ShoMore DeNiro and her friend Justis Harrison offer unwavering, emphatic support akin to that of “Diamond” and “Silk,” two sisters who have publicly campaigned for Trump.
DeNiro and Harrison appear in a short segment of “Who’s Still With Trump?,” a film about Trump supporters in Middle America. In the four-minute clip, the two attend a Trump rally and attempt to convince us the GOP candidate will indeed, “Make America Great Again.”
As the camera pans over the rally, the visuals are unnerving–DeNiro and Harrison are the only two people of color shown on camera. Though they mention speaking with other minorities at the rally, we never see it on film.
“When it first came out that I was supporting Mr. Trump, everyone was like, ‘What’s wrong with you?'” DeNiro says in the clip.
“A lot of things that Mr. Trump is actually saying is what I believe in,” DeNiro said. “We were a really good country and I don’t know what happened through the years, but I’d like us to get back to where our jobs were here and our education was back on top.”
And for Harrison, her vote for Trump is tied to integrity – something that Hillary Clinton lacks, she says.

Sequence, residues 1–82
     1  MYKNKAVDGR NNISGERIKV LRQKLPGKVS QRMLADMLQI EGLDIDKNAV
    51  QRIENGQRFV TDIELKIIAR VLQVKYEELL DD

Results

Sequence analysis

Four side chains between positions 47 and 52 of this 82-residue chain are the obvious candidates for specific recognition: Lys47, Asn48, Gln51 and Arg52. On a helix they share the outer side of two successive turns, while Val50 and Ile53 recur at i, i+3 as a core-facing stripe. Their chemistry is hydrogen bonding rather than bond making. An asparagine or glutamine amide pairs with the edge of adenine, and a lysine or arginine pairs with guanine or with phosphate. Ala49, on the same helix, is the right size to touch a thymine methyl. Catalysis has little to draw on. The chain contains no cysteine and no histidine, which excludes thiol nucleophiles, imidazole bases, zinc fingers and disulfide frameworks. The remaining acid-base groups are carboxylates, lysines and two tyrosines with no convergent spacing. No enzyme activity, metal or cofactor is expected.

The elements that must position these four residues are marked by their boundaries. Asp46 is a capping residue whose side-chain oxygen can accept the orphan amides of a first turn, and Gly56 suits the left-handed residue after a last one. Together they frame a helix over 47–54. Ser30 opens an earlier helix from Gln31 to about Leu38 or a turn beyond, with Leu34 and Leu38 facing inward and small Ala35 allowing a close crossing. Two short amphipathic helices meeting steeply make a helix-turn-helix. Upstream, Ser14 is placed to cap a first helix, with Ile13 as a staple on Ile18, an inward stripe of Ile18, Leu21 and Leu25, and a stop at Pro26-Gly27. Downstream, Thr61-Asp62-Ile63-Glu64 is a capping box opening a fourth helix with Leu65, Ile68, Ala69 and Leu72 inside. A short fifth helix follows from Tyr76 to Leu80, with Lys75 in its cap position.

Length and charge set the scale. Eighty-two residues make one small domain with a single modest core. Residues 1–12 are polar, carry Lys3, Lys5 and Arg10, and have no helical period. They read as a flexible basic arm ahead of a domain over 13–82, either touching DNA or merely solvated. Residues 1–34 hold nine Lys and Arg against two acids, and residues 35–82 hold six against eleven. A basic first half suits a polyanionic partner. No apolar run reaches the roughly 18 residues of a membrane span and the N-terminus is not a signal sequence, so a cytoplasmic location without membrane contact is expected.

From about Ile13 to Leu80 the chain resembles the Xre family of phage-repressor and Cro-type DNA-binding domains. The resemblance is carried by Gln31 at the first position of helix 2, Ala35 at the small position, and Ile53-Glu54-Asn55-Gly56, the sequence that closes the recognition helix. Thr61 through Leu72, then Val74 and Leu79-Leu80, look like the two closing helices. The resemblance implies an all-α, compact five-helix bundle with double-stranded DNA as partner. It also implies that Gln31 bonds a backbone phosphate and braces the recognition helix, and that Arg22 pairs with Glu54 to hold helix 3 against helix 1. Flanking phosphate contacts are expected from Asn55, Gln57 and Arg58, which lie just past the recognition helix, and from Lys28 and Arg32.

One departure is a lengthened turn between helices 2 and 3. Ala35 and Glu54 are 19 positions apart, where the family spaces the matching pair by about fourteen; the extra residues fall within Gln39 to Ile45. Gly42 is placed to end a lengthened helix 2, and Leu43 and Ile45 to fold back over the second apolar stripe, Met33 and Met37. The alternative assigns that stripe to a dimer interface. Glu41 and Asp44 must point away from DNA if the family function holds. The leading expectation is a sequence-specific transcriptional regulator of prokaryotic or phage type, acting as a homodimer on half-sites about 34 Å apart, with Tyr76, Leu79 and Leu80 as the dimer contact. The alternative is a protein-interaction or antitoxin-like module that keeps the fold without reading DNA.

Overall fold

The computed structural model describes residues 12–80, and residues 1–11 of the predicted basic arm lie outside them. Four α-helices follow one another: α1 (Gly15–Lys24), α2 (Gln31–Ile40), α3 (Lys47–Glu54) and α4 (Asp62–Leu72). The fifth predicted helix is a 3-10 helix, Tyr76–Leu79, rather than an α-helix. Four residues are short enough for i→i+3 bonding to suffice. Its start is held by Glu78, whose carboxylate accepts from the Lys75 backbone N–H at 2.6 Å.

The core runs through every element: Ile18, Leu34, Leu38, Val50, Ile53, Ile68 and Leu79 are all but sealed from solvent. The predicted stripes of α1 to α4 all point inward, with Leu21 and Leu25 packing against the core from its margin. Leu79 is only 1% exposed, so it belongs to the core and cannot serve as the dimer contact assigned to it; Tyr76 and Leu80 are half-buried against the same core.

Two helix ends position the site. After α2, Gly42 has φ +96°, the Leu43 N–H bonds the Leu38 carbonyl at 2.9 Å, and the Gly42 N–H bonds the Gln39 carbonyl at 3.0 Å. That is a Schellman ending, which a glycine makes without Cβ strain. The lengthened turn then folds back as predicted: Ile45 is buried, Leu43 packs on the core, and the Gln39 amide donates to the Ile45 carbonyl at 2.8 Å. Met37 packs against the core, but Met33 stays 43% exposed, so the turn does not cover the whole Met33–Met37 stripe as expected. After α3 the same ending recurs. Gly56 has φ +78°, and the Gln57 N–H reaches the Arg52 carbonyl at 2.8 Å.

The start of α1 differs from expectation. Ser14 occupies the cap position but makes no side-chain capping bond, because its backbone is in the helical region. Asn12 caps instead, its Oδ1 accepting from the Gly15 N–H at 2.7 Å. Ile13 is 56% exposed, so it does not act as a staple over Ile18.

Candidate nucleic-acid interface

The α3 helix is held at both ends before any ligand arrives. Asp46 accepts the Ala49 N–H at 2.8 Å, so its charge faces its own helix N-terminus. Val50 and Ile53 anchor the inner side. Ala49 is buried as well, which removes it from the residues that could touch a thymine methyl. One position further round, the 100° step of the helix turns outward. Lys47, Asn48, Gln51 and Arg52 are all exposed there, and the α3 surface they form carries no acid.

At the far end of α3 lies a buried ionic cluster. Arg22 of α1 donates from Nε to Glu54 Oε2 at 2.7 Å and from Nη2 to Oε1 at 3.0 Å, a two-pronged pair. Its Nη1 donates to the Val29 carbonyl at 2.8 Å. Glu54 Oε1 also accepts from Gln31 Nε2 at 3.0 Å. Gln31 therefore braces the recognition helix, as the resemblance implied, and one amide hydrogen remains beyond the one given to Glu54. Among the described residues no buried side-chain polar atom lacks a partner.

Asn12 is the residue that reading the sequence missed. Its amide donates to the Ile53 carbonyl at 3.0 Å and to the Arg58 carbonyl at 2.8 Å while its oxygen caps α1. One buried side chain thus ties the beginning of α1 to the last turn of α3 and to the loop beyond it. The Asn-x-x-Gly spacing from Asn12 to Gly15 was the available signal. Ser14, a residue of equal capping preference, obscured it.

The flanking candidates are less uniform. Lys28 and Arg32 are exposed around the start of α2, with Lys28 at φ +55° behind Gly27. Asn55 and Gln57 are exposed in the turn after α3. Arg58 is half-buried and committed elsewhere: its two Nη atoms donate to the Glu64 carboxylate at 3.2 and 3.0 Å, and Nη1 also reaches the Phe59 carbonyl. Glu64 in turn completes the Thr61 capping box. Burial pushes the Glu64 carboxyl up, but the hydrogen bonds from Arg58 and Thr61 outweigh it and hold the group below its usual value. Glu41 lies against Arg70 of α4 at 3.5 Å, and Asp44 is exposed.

“People are pretty passionate about, you know, her being a liar, and they’re just really against her. And there’s just so much negativity surrounding Hillary Clinton,” Harrison says.
While it’s no secret that Trump struggles with “the African-Americans,” a recent CBS News national poll shows Trump holds only four percent of the Black vote.
And a separate piece written by the outlet conveys Ohio’s status as a key state; especially among Black women voters.
In the 2012 election, 83 percent of registered Black women cast their ballot, which was 10 points higher than the turnout rate of all other women. Exit polls showed African-American voters made up 15 percent of the vote in Ohio; most were women, the report says.
Even though many young Black voters feel disenfranchised and disillusioned due to the selection of candidates, it’s clear Trump’s racist, misogynistic, xenophobic messaging hasn’t repulsed enough people.
Instead, as DeNiro and Harrison prove, he’s somehow able to reach the very people his rhetoric shuns.